During the sixteen years since Dandy1 introduced the method of substituting air for fluid in the ventricular and subarachnoid pathways in taking encephalograms, increasing importance has been attached to the value of this procedure for the diagnosis of certain diseases of the brain.
Originally used for the study of hydrocephalic conditions, the method has been extended to the study of fixed lesions of the brain in children in cases in which there are indeterminate symptoms and signs.2 The successful delineation of obscure intracranial pathologic changes by this method and the relative safety of the procedure explain why it is used in many clinics. The mortality in experienced hands is less than 1 per cent.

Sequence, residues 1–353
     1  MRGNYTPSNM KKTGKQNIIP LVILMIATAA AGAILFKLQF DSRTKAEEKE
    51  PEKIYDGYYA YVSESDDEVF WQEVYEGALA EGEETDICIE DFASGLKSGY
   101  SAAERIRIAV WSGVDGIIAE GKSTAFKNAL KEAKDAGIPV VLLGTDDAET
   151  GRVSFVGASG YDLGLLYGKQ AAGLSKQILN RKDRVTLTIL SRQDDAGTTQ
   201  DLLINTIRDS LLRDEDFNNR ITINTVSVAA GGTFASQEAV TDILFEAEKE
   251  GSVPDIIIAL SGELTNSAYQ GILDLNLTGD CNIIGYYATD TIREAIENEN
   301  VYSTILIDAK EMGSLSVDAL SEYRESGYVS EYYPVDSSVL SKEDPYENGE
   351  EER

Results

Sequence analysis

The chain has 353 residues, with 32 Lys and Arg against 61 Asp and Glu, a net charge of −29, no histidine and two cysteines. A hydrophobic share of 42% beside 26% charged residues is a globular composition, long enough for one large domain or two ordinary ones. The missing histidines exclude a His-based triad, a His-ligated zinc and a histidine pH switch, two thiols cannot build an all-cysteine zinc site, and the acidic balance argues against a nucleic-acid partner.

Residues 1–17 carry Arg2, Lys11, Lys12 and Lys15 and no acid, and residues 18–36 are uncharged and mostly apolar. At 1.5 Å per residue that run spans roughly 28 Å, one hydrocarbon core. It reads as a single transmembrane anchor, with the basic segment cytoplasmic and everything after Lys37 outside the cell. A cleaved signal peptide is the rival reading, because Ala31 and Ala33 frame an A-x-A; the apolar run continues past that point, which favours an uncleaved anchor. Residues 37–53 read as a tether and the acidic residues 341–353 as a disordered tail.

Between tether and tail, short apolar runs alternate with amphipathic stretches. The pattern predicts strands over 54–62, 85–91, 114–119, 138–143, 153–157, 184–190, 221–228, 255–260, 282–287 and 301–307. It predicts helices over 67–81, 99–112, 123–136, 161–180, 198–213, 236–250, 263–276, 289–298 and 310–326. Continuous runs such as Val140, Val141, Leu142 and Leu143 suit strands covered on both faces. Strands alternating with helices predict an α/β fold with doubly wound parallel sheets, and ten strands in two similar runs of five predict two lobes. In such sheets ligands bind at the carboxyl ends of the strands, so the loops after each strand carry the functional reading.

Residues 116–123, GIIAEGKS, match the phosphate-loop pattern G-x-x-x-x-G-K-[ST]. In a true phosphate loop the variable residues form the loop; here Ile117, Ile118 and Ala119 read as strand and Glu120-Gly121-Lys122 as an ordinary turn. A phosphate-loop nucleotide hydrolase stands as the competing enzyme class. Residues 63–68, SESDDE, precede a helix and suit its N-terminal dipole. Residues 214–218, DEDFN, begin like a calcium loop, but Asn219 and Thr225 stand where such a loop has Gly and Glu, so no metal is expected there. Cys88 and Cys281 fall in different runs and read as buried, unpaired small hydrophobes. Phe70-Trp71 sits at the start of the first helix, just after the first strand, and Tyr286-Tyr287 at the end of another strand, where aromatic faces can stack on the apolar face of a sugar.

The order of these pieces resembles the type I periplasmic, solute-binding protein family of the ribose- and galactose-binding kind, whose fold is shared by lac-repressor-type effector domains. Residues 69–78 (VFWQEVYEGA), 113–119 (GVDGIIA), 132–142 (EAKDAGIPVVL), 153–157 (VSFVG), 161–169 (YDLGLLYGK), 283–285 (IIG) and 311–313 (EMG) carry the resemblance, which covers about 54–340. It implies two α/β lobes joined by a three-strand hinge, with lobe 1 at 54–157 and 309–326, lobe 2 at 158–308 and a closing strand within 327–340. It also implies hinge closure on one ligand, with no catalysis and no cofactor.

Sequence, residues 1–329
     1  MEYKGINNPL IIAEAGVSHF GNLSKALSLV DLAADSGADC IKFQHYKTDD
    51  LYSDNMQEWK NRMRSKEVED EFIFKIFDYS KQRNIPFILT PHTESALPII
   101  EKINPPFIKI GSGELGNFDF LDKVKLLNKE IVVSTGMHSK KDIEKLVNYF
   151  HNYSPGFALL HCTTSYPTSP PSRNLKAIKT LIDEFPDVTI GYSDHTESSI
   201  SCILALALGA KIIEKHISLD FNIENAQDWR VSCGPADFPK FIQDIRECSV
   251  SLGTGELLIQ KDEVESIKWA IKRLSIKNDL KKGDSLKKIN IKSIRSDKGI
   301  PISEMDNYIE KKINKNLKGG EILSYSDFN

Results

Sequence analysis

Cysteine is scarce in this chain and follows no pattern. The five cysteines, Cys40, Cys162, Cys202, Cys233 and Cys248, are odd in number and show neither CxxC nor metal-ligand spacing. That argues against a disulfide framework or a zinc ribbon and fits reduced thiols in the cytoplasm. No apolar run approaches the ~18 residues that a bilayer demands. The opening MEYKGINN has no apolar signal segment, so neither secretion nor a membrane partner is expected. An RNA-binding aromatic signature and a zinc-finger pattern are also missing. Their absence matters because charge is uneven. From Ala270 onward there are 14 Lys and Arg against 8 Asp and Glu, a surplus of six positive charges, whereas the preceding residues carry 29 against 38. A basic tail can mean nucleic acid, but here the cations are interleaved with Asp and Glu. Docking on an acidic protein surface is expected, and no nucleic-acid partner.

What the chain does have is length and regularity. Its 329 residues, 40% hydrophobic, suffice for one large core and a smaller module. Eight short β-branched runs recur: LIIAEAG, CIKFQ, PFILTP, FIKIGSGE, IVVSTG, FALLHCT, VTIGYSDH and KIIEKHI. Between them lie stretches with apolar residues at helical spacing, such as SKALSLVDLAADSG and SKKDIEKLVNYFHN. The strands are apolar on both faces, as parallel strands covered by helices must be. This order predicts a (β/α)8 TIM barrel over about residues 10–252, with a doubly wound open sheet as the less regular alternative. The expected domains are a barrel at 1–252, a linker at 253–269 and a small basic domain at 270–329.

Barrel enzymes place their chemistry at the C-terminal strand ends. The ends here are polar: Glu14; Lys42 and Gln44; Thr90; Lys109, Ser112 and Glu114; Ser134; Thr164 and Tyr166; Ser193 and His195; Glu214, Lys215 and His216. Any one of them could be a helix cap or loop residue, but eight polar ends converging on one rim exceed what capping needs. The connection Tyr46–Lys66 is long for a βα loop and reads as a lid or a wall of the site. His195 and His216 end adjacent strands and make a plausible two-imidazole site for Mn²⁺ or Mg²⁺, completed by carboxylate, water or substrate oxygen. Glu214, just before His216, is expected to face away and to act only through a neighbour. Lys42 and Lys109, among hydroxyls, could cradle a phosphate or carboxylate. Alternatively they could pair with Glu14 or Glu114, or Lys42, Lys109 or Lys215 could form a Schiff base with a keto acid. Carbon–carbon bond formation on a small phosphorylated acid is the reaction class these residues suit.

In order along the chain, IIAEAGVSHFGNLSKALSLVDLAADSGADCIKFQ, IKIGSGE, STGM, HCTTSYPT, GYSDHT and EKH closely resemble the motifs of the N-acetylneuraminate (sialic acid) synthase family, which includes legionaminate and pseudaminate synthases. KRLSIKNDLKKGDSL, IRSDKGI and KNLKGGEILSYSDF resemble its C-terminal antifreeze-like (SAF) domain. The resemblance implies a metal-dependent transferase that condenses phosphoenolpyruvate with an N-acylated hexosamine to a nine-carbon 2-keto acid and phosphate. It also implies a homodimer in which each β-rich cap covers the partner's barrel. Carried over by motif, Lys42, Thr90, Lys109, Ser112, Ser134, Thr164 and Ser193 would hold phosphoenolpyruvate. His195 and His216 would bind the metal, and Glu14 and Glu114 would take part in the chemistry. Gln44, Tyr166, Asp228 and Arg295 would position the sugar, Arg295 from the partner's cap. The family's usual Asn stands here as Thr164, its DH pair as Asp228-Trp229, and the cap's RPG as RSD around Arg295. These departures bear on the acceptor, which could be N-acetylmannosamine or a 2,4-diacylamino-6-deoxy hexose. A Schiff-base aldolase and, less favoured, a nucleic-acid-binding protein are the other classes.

One of the common neurologic conditions encountered in the pediatric clinic of the University Hospital is some type of chronic lesion of the brain expressed in mental and physical retardation. This group of lesions,